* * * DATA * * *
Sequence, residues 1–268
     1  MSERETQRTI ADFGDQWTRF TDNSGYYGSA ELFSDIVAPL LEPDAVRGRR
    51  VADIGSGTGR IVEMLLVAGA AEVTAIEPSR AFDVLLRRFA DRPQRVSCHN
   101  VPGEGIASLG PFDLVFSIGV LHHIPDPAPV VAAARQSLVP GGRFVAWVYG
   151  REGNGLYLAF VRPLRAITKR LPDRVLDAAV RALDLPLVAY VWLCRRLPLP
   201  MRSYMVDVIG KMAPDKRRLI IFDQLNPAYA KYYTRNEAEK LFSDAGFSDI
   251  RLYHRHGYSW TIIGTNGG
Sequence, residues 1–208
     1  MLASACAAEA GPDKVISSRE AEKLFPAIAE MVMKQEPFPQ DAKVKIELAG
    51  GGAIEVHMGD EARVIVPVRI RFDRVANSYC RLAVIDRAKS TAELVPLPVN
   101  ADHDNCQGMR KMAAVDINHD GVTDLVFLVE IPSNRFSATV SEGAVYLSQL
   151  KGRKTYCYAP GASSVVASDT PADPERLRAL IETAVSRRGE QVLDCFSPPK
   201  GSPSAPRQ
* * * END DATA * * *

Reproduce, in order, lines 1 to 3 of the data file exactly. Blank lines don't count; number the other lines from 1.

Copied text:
Sequence, residues 1–268
     1  MSERETQRTI ADFGDQWTRF TDNSGYYGSA ELFSDIVAPL LEPDAVRGRR
    51  VADIGSGTGR IVEMLLVAGA AEVTAIEPSR AFDVLLRRFA DRPQRVSCHN